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Whole-body patterns of the range of joint motion in young adults: masculine type and feminine type

Moromizato, K and Kimura, R and Fukase, H and Yamaguchi, K and Ishida, H (2016) Whole-body patterns of the range of joint motion in young adults: masculine type and feminine type. Journal of Physical Anthropology, 35 (23). ISSN 1880-6805

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Abstract

Background: Understanding the whole-body patterns of joint flexibility and their related biological and physical factors contributes not only to clinical assessments but also to the fields of human factors and ergonomics. In this study, ranges of motion (ROMs) at limb and trunk joints of young adults were analysed to understand covariation patterns of different joint motions and to identify factors associated with the variation in ROM.
Methods: Seventy-eight healthy volunteers (42 males and 36 females) living on Okinawa Island, Japan, were recruited. Passive ROM was measured at multiple joints through the whole body (31 measurements) including the left and right side limbs and trunk.
Results: Comparisons between males and females, dominant and non-dominant sides, and antagonistic motions indicated that body structures influence ROMs. In principal component analysis (PCA) on the ROM data, the first principal component (PC1) represented the sex difference and a similar covariation pattern appeared in the analysis within each sex. Multiple regression analysis showed that this component was associated with sex, age, body fat %, iliospinale height, and leg extension strength.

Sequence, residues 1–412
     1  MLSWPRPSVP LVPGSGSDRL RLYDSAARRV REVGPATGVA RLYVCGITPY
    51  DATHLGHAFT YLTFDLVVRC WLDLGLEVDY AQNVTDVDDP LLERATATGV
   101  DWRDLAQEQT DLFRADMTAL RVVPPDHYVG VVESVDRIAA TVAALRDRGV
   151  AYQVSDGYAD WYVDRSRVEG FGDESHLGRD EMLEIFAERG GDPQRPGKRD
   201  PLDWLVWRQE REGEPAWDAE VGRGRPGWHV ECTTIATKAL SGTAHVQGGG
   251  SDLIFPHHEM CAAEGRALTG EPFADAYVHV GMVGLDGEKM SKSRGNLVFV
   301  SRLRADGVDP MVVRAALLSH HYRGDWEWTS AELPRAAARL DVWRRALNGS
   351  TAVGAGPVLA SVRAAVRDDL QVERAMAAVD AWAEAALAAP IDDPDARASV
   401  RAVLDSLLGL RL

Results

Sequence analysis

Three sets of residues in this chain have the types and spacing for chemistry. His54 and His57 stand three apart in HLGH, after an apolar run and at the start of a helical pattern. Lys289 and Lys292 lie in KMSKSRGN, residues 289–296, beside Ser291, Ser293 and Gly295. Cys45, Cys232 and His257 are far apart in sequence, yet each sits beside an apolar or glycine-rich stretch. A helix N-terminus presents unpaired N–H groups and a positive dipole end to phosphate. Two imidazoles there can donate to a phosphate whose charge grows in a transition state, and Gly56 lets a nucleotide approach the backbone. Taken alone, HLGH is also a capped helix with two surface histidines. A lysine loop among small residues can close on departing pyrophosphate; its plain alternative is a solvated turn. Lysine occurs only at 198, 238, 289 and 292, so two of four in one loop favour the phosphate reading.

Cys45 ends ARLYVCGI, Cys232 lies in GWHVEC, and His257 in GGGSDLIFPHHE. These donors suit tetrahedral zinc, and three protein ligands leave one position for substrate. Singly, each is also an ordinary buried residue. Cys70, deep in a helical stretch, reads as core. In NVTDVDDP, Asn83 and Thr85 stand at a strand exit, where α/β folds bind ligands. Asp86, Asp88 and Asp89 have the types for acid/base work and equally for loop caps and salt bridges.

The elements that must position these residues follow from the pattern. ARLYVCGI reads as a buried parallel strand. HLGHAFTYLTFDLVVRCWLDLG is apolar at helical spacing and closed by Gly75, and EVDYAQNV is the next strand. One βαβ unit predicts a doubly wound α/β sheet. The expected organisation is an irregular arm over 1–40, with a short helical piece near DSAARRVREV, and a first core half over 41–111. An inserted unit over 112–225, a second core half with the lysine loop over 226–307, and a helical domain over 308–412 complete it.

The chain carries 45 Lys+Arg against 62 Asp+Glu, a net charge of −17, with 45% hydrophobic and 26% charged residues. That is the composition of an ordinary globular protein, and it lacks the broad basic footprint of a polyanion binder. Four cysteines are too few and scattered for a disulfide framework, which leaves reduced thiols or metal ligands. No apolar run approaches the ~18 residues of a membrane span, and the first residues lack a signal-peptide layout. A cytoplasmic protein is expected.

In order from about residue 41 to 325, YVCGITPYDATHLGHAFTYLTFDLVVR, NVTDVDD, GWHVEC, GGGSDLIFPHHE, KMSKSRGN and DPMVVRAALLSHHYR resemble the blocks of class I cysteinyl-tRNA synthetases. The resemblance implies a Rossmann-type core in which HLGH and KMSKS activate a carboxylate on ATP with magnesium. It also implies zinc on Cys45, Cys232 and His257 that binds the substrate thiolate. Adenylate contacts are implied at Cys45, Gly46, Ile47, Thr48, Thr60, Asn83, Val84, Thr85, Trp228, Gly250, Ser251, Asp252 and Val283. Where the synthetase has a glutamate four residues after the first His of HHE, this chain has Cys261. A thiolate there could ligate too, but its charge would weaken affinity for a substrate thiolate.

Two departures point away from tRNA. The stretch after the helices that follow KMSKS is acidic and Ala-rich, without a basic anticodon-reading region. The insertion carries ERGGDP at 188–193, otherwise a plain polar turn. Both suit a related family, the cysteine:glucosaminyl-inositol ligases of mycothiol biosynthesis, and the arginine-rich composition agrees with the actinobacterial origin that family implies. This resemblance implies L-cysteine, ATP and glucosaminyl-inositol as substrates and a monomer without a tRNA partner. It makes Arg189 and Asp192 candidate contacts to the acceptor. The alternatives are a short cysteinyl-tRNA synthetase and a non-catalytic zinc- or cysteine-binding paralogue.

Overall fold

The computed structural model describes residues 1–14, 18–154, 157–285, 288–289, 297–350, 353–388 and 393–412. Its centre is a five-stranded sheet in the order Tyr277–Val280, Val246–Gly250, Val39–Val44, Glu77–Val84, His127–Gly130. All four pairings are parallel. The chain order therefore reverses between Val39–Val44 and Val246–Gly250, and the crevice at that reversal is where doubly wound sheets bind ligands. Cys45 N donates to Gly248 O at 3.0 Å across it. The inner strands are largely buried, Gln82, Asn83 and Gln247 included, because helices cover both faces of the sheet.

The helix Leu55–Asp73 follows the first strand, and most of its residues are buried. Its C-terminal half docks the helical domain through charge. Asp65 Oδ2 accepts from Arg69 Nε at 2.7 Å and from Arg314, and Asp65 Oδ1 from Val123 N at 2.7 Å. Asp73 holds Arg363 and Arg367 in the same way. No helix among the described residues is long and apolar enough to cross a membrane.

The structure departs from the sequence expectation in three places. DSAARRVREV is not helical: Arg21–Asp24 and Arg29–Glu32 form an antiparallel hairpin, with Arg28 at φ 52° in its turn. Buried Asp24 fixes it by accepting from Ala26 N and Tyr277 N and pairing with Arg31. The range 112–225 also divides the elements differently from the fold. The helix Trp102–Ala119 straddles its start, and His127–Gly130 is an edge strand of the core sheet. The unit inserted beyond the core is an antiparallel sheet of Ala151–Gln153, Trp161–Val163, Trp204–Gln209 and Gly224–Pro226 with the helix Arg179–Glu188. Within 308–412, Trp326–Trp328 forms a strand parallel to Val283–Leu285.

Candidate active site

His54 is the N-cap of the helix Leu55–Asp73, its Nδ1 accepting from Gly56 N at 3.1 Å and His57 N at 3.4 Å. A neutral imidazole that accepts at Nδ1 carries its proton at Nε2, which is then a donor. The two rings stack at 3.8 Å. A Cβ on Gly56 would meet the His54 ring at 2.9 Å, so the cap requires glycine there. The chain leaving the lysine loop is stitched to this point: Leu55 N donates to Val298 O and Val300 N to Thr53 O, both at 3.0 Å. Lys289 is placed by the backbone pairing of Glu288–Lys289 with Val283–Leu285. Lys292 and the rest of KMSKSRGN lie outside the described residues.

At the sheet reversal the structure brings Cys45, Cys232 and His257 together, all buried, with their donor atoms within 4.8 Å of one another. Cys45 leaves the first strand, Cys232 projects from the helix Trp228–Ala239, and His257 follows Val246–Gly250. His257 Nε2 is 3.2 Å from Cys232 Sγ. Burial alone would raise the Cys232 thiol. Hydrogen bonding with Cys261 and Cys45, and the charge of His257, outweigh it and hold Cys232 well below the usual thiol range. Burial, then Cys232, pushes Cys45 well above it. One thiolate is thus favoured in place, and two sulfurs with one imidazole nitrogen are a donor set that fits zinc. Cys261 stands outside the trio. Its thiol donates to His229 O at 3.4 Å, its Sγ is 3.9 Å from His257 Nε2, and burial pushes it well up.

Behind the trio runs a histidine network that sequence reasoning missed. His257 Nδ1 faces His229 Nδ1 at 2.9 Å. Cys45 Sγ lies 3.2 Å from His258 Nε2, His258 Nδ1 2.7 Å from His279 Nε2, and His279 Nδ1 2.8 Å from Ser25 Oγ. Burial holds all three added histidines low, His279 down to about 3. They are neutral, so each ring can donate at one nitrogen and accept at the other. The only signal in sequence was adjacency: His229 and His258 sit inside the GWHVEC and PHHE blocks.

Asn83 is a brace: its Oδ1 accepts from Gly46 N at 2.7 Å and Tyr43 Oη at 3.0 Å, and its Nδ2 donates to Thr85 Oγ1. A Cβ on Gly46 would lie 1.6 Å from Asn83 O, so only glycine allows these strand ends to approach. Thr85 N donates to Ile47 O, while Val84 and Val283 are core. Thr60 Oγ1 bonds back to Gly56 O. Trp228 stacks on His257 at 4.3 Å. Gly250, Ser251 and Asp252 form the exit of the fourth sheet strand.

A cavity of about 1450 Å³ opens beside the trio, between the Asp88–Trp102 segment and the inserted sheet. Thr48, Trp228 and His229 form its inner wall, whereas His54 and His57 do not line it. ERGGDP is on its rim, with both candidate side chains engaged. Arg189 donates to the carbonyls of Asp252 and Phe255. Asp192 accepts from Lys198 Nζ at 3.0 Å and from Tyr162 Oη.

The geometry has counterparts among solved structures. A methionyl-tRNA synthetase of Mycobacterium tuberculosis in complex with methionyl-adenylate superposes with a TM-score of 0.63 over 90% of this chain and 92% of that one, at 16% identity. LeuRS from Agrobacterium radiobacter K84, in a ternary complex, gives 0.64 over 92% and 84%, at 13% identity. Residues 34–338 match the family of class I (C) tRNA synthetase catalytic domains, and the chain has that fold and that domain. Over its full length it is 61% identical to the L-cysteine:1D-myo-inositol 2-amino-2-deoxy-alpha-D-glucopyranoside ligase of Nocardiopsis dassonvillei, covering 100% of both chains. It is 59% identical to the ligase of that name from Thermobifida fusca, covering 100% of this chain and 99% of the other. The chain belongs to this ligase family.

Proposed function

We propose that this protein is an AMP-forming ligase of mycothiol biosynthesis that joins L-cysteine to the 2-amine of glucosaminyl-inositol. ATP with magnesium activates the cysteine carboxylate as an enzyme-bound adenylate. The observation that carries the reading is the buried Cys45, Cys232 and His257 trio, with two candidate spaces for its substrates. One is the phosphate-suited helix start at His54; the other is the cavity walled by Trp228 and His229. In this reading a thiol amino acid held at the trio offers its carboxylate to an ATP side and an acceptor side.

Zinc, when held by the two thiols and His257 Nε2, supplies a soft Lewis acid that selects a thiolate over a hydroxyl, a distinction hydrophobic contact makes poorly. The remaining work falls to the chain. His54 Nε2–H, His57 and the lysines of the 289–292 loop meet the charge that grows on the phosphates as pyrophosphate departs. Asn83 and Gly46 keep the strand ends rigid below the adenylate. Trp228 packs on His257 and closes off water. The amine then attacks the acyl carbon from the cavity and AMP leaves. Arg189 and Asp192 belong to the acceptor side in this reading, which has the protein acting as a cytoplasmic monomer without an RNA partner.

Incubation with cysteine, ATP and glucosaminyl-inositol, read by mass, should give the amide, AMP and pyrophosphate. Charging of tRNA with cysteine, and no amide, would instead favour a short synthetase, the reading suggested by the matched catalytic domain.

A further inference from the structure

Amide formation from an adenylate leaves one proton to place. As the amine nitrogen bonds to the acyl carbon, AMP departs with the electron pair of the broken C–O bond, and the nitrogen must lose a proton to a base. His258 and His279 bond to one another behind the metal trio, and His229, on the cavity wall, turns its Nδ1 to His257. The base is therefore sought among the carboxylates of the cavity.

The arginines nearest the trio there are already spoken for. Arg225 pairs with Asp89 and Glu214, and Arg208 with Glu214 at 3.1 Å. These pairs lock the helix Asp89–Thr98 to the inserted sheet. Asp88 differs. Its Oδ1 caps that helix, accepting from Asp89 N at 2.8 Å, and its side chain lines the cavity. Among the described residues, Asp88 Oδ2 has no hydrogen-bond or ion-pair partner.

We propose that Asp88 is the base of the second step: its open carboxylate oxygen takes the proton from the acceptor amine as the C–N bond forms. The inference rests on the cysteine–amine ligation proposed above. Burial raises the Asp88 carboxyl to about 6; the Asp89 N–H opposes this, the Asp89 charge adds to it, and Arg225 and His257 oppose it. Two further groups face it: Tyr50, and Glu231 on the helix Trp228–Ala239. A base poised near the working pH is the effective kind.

Conclusions: The present study identified that there is a spectrum of “masculine” and “feminine” types in the whole-body patterns of joint flexibility. This study also suggested that body proportion and composition, muscle mass and strength, and possibly skeletal structures partly explain such patterns. These results would be important to understand individual variation in susceptibility to joint injuries and diseases and in one’s suitable and effective postures and motions.

Item Type: Article
Uncontrolled Keywords: 0606 Physiology, 1116 Medical Physiology
Subjects: Q Science > QM Human anatomy
Q Science > QP Physiology
Divisions: Natural Sciences and Psychology
Publisher: BioMed Central
Related URLs:
Date Deposited: 16 Oct 2017 10:20
Last Modified: 16 Oct 2017 10:20
DOI or Identification number: 10.1186/s40101-016-0112-8
URI: http://researchonline.ljmu.ac.uk/id/eprint/7357

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